First up was the annual "Nuclear Deterrence Summit" in Washington DC, where among other gems, Major-General Michael Fortney, Director of the US Air Force Global Strike Command, was quoted as saying "The role of our nuclear arsenal is at least as important today as it was in decades past" and "US nuclear weapons have an important role for our country, our allies, and ... a role for the world". This is of course an interesting contrast to other US government statements.
Then in the UK, we had Lord Robertson - a former UK defence minister and Secretary-General of NATO - penning this opinion piece on just how important and indispensable nuclear weapons are for the UK's security. Lord Robertson is a member of the "Top Level Group of UK Parliamentarians for Multilateral Nuclear Disarmament and Non-Proliferation", but we're not sure why, because he clearly thinks nuclear weapons are great. To show just how blatant a case of inciting proliferation it is, we've repackaged his article as a message to Iran. It is difficult to imagine a more direct attack on the non-proliferation aims of the NPT.
Difficult, but not impossible - as was demonstrated by the President of France, François Hollande, who delivered this truly extraordinary speech in favour of nuclear weapons on 19 February. Achieving the remarkable feat of making the rest of the P5 look responsible and trustworthy in comparison, Hollande unashamedly affirmed the enduring value of nuclear weapons to France - for security, freedom and economic development(!) - and talked of plans to modernize and renew the arsenal. At the same time, without a trace of irony, he spoke of combating proliferation - a highlight being the line: "Yes to nuclear energy; No to nuclear weapons" (for Iran that is, not for France). (UPDATE: Contrary to our expectations, the speech is now available in English.)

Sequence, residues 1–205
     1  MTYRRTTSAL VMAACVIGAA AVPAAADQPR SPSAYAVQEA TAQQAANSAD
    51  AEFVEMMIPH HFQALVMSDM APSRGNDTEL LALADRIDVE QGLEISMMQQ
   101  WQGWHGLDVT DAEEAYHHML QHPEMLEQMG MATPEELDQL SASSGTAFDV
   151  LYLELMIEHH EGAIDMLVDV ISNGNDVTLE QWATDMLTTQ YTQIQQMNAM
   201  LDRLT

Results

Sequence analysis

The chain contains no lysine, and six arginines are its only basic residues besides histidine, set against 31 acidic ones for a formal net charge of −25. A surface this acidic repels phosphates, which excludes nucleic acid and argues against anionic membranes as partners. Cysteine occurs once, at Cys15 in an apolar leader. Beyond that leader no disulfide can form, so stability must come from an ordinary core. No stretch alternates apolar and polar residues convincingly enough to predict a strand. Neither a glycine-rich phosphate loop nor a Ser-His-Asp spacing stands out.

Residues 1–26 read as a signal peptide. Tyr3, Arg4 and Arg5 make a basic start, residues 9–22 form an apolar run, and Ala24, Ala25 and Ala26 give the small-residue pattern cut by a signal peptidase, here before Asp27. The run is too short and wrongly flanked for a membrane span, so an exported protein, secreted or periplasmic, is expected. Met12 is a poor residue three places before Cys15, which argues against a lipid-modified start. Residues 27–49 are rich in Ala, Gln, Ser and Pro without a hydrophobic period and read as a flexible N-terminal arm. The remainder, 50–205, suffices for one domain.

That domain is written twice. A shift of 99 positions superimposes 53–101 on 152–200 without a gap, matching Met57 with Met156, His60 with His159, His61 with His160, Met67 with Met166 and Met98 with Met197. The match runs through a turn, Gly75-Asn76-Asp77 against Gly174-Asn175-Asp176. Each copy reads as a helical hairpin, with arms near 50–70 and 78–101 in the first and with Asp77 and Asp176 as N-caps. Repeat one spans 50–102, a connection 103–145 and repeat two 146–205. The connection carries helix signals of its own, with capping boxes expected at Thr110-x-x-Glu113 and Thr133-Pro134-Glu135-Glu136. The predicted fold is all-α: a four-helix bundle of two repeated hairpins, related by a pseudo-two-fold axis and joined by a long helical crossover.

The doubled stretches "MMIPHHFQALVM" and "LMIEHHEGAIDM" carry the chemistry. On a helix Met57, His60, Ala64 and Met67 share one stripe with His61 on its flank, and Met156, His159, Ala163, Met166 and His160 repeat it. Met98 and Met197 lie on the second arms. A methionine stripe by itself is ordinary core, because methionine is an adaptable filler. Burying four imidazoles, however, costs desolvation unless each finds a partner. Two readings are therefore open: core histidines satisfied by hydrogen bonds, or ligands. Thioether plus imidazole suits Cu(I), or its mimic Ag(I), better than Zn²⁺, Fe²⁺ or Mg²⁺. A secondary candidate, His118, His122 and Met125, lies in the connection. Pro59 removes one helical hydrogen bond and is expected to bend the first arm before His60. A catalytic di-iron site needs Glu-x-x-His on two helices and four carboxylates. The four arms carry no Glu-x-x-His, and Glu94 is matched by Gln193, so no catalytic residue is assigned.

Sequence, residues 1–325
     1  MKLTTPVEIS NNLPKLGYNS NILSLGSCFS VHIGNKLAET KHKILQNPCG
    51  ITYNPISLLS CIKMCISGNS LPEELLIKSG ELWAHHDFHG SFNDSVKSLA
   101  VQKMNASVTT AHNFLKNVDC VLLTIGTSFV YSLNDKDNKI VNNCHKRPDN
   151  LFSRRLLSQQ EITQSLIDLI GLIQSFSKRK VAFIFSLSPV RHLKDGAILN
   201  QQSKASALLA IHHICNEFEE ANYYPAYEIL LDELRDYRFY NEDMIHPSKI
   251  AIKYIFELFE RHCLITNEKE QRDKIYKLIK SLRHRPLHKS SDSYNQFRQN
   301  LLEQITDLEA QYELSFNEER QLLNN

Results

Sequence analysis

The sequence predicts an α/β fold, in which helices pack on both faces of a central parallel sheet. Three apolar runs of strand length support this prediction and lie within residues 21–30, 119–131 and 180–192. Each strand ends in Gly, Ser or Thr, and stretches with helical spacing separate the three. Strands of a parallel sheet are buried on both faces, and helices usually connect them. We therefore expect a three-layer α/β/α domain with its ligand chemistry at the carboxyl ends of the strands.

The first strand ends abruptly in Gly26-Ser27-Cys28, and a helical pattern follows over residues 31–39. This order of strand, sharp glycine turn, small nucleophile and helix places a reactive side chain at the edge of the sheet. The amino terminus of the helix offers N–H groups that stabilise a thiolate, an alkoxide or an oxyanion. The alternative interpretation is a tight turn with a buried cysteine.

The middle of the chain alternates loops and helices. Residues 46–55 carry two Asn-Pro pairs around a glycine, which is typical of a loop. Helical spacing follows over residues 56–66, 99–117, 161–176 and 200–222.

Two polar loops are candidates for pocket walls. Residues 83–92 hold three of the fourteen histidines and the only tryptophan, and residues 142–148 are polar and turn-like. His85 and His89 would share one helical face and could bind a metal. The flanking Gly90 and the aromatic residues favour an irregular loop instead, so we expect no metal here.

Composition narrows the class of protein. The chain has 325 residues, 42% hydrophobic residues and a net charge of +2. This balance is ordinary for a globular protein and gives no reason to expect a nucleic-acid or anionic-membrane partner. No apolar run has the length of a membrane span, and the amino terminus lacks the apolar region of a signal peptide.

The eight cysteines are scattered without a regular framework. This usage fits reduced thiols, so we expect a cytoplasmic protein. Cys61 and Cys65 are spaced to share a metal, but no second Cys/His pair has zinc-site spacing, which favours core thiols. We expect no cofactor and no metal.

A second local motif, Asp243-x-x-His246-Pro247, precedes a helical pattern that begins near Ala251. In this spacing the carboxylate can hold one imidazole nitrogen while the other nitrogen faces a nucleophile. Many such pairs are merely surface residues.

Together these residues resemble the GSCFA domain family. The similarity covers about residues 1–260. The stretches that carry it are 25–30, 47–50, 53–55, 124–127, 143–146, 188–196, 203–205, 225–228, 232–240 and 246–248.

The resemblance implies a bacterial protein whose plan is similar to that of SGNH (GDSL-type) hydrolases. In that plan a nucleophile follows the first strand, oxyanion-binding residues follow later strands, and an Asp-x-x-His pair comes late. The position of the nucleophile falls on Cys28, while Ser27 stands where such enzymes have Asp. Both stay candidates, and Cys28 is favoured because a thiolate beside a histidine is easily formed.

What are we to make of all this? Are these people really so clueless? It's almost as if they are trying to drive the non-nuclear-weapon states towards a ban treaty. Mr Hollande in particular has probably done more to promote a ban with that one speech than we NGOs have managed in the past year. ICAN should appoint him as a Goodwill Ambassador.
18 February 2015 - Australia optimistic on ban treaty
As we're sure our fellow civil society campaigners will confirm, it's generally a grim and thankless task pushing for progress on nuclear disarmament. But now and then something comes along that throws a little sunshine and brings a smile to our weary faces.